The World is Not What You Think It Is

The World is Not What You Think It Is

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By Robert Rotella, CEO, Rotella Capital Management, Inc.

The Myths and Realities of Managed Futures. There are many reasons why investors still do not allocate to managed futures versus stocks and interest rates. We will attempt to dispel some of the myths surrounding managed futures and also show some of the reasons an investor may want to consider implementing them in their portfolio. We will investigate the three main asset classes using the Barclays (formerly Lehman) Aggregate Bond Index for interest rates, the S&P500 total return for stocks, and the Newedge CTA Index (formerly Calyon Financial Barclay Index) for managed futures. Please note the returns for the Newedge CTA are hypothetical from 1990 to 1999 but are included as this period had one of the greatest bull markets in both stocks and bonds.

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Myth – Managed futures are risker than equities and interest rates. There are various ways to measure risk but two that are the most popular are volatility and drawdown. In this example we will look at drawdown. (We will consider volatility when we address returns in the second myth discussed below.) We need to normalize drawdown to appropriately compare the three asset classes and will do so by dividing the maximum drawdowns by the corresponding volatilities as shown in Figure 1. Equities clearly have the first and second worst drawdowns in 2007–2008 and 2000–2002. We can distill the information more succinctly in the following table which provides the 3 worst drawdown-to-volatility figures for the respective asset class. Here the drawdown-to-volatility ratios for their respective 3 worst periods are shown to be 2.43 for equities, 1.82 for interest rates, and, 1.87 for CTAs. Using this period and measure, it is hard to understand how one can argue managed futures are any riskier than equities or interest rates.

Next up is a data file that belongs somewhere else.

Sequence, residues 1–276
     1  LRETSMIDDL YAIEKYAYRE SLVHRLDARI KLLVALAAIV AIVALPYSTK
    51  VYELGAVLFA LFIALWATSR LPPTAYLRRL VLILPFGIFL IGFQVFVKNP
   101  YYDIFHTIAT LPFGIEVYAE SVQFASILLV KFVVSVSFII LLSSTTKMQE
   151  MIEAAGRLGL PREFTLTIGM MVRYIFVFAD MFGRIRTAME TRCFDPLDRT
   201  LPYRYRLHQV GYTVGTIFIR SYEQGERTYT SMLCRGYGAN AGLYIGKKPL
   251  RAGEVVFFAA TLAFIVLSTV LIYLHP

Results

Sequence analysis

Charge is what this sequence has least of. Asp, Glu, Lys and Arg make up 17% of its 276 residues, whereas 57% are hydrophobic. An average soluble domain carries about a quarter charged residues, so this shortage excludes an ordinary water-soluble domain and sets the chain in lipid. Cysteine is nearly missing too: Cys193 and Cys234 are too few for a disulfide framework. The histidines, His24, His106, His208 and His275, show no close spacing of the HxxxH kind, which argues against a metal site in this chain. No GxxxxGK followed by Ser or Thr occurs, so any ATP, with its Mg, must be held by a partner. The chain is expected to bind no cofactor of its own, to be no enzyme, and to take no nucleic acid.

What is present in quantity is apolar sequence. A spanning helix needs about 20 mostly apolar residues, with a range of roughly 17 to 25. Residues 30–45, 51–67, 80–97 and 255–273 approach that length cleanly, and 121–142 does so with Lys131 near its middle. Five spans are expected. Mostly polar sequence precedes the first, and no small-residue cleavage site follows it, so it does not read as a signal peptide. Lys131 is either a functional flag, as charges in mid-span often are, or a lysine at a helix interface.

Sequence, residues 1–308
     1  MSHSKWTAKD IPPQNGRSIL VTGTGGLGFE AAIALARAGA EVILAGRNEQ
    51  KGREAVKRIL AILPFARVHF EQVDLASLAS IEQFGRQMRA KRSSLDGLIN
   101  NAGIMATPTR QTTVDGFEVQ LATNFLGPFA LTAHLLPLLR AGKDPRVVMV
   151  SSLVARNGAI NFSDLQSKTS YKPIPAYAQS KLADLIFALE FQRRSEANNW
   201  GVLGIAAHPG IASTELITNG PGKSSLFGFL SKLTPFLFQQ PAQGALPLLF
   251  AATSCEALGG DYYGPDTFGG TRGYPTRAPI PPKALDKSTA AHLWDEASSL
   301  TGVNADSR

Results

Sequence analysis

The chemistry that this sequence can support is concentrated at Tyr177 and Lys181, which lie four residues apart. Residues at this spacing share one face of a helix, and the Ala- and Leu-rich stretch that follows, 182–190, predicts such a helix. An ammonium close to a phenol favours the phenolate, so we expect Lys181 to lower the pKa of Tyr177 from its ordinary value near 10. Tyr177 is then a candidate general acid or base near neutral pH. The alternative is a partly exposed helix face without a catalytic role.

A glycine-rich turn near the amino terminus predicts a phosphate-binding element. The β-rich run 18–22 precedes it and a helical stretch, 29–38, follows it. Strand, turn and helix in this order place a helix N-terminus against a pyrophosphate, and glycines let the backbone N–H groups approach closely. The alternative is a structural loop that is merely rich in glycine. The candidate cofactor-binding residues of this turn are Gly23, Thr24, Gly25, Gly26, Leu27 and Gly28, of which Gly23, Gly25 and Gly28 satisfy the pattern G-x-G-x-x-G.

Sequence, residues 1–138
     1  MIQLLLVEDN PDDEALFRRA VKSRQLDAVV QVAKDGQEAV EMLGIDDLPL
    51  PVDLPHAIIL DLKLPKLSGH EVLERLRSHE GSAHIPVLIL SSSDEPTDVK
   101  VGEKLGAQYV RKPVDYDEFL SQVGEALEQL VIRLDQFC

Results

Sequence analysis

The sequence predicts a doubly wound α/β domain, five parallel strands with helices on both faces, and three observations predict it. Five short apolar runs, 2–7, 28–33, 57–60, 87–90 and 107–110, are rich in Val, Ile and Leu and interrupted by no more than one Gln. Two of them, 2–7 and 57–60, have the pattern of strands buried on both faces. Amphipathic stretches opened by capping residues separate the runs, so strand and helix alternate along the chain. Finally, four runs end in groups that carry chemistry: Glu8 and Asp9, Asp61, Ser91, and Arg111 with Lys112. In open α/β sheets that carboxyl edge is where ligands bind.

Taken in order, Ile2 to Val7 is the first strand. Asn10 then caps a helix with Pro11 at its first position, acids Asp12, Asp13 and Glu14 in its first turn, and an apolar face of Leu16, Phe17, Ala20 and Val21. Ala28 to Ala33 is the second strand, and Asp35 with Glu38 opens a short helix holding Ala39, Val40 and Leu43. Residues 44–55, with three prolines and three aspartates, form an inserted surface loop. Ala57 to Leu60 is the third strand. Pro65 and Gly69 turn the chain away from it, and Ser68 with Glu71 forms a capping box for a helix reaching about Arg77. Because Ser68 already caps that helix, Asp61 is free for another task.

Figure 1

Myth – Managed futures offer poorer returns versus stocks and interest rates. We again need to normalize returns to compare performance and to do so we will divide return by volatility which will give us the familiar Sharpe ratio. We see in Figure 2 that interest rates exhibited the highest Sharpe of 0.90, followed by managed futures with a Sharpe of 0.86, and then equities with a Sharpe of 0.75. This suggests that managed futures have offered competitive risk-reward ratios versus interest rates and stocks in one of the greatest bull markets for equities. Interest rates beat both equities and managed futures but we will have more to say about this in the second to last point below.

Figure 2

Myth – Futures are riskier because you can lose more than your investment. This point needs to be better understood. An investor can lose more than their investment usually by two means: one of which is going short and the other is leverage. As both of these are possible in futures as well as other investments like interest rates or stocks it should be apparent that futures are not necessarily riskier. If one is concerned about losing more than the principle of the investment then a fund investment should be considered where the loss is limited, although it should be pointed out that there have been a few instances of investors losing 100% of their money in properly managed futures investments. However, there are far more instances of bond defaults as well as stocks becoming worthless.